Sub-Prime In Historical ContextOwning your own home is part of the American Dream, but the mortgage crisis in 2007 literally shattered that one hope for many in the country and around the world. Dubbed the Mortgage Mess or Mortgage Meltdown, the 2007 subprime mortgages crisis was heralded as the worst global crisis after the Great Depression of the 1930’s so what happened then and can it happen again?

Reasons For The 2007 Subprime Mortgages Crisis

The mortgage crisis was a result of flawed financial modeling and too much borrowing, mostly due to the assumption that property investments were foolproof. In addition, fraud and greed also played significant roles towards this collapse, largely the private sectors drive for short-term profits.

Owing to the low mortgage rates in the early 2000’s, borrowers were able to service more money with a lower monthly payment. Furthermore, property prices increased dramatically so buying a home was regarded as an unrivalled investment.

With property prices skyrocketing, homeowners gained plenty of equity and most of them leveraged this by taking out second mortgages or refinancing to get cash out of this equity. Some used the equity money to maintain their lifestyles, while others used it wisely; all while their wages remained stagnant. Unfortunately, all good things come to an end and the mortgage crisis began.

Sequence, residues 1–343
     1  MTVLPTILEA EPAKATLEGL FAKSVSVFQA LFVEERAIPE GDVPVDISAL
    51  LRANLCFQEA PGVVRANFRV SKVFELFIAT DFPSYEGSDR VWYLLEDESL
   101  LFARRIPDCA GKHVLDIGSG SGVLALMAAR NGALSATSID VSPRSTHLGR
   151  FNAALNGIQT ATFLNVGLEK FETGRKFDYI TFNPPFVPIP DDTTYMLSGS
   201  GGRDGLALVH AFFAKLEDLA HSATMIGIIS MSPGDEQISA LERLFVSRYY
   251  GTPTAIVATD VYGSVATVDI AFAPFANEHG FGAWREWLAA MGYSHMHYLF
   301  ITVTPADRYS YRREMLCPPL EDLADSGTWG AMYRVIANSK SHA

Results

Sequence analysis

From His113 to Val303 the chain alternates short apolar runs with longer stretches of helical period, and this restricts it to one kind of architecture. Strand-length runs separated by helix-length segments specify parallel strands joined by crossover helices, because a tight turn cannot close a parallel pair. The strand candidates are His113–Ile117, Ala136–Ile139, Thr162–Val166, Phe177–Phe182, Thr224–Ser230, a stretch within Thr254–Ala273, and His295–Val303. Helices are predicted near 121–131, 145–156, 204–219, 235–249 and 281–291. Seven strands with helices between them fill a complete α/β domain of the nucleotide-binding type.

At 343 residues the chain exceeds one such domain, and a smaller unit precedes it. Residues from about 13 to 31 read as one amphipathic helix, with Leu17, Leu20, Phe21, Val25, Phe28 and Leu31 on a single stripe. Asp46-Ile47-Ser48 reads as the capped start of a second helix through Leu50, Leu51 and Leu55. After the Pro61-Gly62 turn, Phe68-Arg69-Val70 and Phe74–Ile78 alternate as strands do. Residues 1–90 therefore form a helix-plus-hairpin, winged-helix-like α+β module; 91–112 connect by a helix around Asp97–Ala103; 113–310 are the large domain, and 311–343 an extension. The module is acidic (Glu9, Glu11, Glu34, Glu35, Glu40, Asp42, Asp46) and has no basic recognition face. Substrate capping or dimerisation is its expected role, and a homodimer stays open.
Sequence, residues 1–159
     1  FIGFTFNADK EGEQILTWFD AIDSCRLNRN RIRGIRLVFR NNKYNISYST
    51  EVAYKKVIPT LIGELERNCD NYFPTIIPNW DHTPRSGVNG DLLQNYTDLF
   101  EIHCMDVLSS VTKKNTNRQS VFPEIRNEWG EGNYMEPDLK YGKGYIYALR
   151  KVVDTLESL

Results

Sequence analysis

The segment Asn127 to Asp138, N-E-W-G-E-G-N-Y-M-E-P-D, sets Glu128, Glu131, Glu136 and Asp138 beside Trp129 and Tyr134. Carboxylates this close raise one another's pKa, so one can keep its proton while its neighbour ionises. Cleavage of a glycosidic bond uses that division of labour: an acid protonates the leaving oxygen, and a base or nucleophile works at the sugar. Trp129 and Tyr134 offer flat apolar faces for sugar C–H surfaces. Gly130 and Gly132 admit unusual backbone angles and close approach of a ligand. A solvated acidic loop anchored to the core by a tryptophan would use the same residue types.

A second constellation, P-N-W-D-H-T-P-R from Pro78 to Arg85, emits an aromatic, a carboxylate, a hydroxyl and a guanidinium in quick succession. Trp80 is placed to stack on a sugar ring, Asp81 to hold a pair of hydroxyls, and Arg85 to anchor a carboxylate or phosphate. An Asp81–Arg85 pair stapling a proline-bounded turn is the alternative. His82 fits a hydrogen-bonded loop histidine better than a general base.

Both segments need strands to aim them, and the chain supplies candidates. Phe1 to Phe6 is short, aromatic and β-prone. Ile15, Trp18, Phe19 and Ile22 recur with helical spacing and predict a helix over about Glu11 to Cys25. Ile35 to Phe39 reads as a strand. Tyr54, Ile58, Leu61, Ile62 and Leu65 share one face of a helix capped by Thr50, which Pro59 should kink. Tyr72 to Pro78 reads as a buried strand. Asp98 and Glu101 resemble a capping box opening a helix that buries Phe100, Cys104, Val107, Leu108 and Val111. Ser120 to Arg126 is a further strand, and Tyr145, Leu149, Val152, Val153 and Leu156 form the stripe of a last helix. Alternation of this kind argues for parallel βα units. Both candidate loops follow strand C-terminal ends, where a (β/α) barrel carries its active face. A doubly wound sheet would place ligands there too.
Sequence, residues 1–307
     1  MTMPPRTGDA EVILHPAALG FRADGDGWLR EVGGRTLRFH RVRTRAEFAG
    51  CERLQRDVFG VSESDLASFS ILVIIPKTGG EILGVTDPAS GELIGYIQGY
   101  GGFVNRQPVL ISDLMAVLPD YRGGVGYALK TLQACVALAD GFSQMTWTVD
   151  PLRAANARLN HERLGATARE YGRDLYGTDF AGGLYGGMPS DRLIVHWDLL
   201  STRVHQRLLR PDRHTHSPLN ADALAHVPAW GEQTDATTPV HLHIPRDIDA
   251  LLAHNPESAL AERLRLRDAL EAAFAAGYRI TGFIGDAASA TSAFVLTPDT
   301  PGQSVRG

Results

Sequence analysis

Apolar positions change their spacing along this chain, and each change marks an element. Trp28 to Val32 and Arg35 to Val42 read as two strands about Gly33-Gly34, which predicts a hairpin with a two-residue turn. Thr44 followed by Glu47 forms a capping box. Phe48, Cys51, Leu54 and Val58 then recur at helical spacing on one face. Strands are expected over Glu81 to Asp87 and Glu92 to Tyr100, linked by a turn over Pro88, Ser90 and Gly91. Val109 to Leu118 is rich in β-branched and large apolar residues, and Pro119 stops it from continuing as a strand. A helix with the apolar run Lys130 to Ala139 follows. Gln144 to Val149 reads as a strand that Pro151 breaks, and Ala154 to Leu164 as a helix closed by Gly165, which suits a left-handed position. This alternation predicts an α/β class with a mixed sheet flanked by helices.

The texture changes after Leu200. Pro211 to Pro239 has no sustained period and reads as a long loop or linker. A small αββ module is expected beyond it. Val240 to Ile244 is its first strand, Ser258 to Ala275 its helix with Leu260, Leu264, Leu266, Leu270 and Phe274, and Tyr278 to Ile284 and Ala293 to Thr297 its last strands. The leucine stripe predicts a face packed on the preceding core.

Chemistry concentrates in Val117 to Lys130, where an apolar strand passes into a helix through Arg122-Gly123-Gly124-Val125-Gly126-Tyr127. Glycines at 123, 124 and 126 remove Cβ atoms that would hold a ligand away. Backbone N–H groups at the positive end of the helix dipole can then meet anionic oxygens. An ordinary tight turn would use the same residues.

Property prices plunged at breakneck speeds, and homeowners who refinanced to buy more homes couldn’t afford to pay their respective mortgages. Owing to this tragedy, homeowners could do one of three things: Simply walk away from their home, wait for the bank to foreclose, or renegotiate their loan.

Banks generally recover their loaned amount from foreclosures, but they were on thin ice during the crisis as property prices had dropped to an extent where they had to take a hit on defaulted loans.

Effects Of The Subprime Mortgage Crisis

There are several other factors that contributed to the gravity of the subprime mortgages crisis such as the US economy meltdown, and rising commodity prices. Although businessmen, lawmakers, bankers and consumers scurried to level out the effects of the 2007 crisis, it unfolded a dramatic string of events, which are still felt to this day.

Can It Happen Again?

Although most financial experts consider the 2007 subprime mortgages crisis to be a unique episode, some claim that a few unresolved fundamental problems may coalesce to form the next big mortgage disaster.

The biggest issue and owing mostly to the 2007 subprime mortgages crisis, people are more hesitant to buy homes! They are much more eager to rent and statistics indicate that only 10% of apartments are unrented, which is comparatively low. This cultural transition away from home ownership could result in a whole new type of housing based economic crisis.

Should You Be Worried?

Not yet! As an example, some mortgage lenders have lowered their criterion for FHA financing from 640 to 600 and conventional financing from 660 to 620. However, to take advantage of a low credit score mortgage, you will need a sizable down payment, rock solid employment history and agree to a higher interest rate. But the fact is that banks will only profit if more homes are sold and they can only create this demand with subprime mortgages.